And there are plenty of games about disasters and time travel and guns and friends in peril, but not very many about a teenage girl navigating the pitfalls of everyday life, even with a superpower. It may not be the most exciting subject, but a game about Max rewinding time in everyday situations, and the impact on her as a person, would be more interesting than the unrealistic amount of tension and conflict the game already presents in the first episode. Life is Strange lacks a lot of the subtlety of real life, and that’s not strange. That’s a video game.

Lost Constellation: Warm Storytelling

Craig Lupienski

Winter is the season to which I most strongly tie positive game memories. I grew up with a wood burning stove, snowy Decembers, and new games on Christmas. Plenty of time was spent indoors playing new treasures while the snow piled up outside. Lost Constellation offers no such respite from the frigid night. A lone house stands in the woods, but the little blue fox that lives there chastises me for letting in the cold. I borrow his wood burning stove, and then I’m on my way.

Lost Constellation is a compact game. There’s little game play to speak of, mostly just building snowmen and bringing the appropriate item to the right spot, but there’s just enough agency to compliment the dreamlike and ephemeral story. I don’t often enjoy games that strongly hinge on their stories, and even in games that don’t, I ignore the story anyway. It’s usually boring and badly written, and it gets in my way.

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I found myself completely engrossed in Lost Constellation though. None of the characters in the woods on the Longest Night speak like information kiosks. Their dialog is written for the character, and not you, the player. It’s a distinction that, while it shouldn’t, feels very out of place in games still and in an experience like Lost Constellation left me feeling a bit like I didn’t “get it,” but I think I prefer that than saving the world with wooden characters again.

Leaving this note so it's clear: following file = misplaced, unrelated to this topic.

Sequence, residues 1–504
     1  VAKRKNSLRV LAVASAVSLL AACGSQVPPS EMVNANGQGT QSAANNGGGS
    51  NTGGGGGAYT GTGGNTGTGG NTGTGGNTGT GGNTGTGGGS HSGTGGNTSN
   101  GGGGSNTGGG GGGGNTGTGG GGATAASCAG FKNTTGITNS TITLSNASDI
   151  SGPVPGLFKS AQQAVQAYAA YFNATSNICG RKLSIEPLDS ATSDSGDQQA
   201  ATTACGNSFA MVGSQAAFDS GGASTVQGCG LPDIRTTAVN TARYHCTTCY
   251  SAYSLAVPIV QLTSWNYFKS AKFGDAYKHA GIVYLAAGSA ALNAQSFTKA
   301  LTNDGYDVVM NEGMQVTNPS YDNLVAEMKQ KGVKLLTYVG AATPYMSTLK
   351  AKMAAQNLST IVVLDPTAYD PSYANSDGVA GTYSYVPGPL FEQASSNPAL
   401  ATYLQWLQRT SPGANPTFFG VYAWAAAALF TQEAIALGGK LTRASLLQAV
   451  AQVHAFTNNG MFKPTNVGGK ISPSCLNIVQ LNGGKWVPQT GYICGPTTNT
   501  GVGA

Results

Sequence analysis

Even the woods played into the linearity of storytelling, usually presenting the next relevant person or place as I walked to the right. If I had double-backed to the left, I would have been at the entrance to the woods again no matter what I had just passed. The little blue fox warned me the woods would confuse me. He was right. I was confused. I am used to linear storytelling clashing with the very nature of interactivity allowing me to rebel against that forward momentum, but Lost Constellation’s woods played with continuity to great effect. Interactivity only allowed for forward momentum. Anything else was forfeiting the story all together.

Little by little, I question my immobile negative outlook on storytelling in games. On occasion I find a story worth playing and I have to reassess how I feel. It’s hard to parse what it is I look for in an interactive story when I come by one I truly enjoy and appreciate so rarely. Maybe many roads lead there, but what Lost Constellation accomplishes with so little is exactly what I want to see more of. It’s a warm wood burning stove in an otherwise wintry wood.